With the growing interest in prepping and survival skills, there is one skill that is often neglected – reloading ammunition. A lot of the time, preppers end up buying firearms and ammunition and forget to focus on putting time and money into learning how to properly use and reload their gun.
So, What is Metallic Reloading?
By definition, this is the remanufacturing of a metallic cartridge to its former complete state. In more simple terms, metallic reloading is recycling an already fired cartridge.
It involves using specialized tools and techniques to carefully and safely reassemble the four major components of a cartridge – the primer, brass case, bullet, and powder charge.
Why Should You Reload?
There are many reasons to reload your metallic cartridge – some more common than others.
Often, many gun aficionados reload their ammunition to save money. Reloading your ammunition will cost you less than half the amount you’ll spend on factory loaded ammunition. And, some types of ammunition are not only expensive – they are also scarce.
Other shooters reload mainly because they want to fine tune their specific gun loads. Fine tuning helps to achieve the very best accuracy, weight, and fit that may not be available in a factory load. This is also a great hobby to try out!
For some shooters, reloading allows them to create special purpose loads. For instance, heavy practice loads are created from reloading and used for exceptionally strong firearms which are not mass-produced in factories.
And there are those shooters who live in areas where ammunitions are not easily available (for instances, some states have very strict gun laws). This makes reloading a convenient and cheaper choice.
Steps to Reloading a Metallic Cartridge
In most ammunition, a metallic cartridge is made up several expandable and reusable components. However, the only directly reusable component is the brass case – it is also the most expensive piece.
Here are the steps involved in reloading a handgun and rifle ammunition.
Step 1: Clean the Brass
Cleaning the brass case will reduce the risk of having your reloading work gunked up. Clean ammunition also feeds more reliably into your gun.
Step 2: Deprime the Brass
The primer is expandable – once is used, it’s no good anymore. You can use a decapping die or resizing die to punch out the old primer from the brass casing.
The resizing die is also used to push the brass back into the correct exterior dimensions. This ensures that the reloaded ammunition perfectly fits into the gun’s chamber.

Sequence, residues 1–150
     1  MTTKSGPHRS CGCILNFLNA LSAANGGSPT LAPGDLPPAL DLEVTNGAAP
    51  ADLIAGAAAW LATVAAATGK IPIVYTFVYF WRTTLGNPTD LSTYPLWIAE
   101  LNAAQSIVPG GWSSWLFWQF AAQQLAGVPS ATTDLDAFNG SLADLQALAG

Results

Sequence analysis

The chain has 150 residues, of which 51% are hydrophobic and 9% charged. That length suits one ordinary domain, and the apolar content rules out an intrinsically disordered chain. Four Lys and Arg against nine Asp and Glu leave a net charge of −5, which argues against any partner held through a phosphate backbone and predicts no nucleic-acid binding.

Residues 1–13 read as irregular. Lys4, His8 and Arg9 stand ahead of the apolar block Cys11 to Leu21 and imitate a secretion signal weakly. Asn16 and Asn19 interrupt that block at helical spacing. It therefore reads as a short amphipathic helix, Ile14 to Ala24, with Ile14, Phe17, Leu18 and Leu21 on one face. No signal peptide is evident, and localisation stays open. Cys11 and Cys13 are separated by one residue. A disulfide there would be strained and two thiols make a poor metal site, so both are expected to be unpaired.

Step 3: Prime the Cartridge
From this step on – you’ll basically be rebuilding the metallic cartridge.
For priming, you can use an auto-priming press or a handheld priming tool. Both are efficient for the job, however, the one you choose will depend on the amount of reloading you need to do and, of course, your budget.
With each step of reloading ammunition, ensure that the primer is correctly seated before continuing the process.
Step 4: Add Powder
This is probably the toughest step when reloading the cartridge. It is absolutely essential to load your cartridge with the correct amount and type of powder.
Whenever possible, try to reference from a reputable published source. Sometimes, the manufacturers advise on the appropriate powder measurements to use.
Use a powder measurer to scoop the powder, double check the measurements, and add it to the cartridge. Even a little extra powder can potentially have harmful repercussions. This, however, shouldn’t scare you from the reloading process, it should only heighten your awareness to detail.
Step 5: Seat the Bullet
Next, seat the bullet to the actual projectile. The best way to go about this is using a seating die and a press handle. The manual should tell you the correct measurements for the seating. Again, when a cartridge is shorter or longer even by a half an inch, there can be some serious consequences.
Step 6: Crimp the Cartridge
You are almost done! Just one more thing – crimping the cartridge. However, this is only done for ammunition used in tubular magazines or for a firearm with a brutal action such as full-automatic and semi-automatic guns.
There are two types of crimps – roll and taper. Roll crimps are used for single-shot firearms or revolvers that headspace off the case rim, while taper crimps are used in semi-automatic firearms that headspace off the case mouth.
The First Rule of Metallic Reloading is Staying Safe!
Whenever you are reloading your ammunition, you should exercise extreme caution. Always follow the reloading manuals from the specific manufacturer of your firearm – different guns have different cartridges. Moreover, source your reloading supplies and references from credible reloading equipment vendors like MEC Reloader and Hornady Reloading. Stay safe!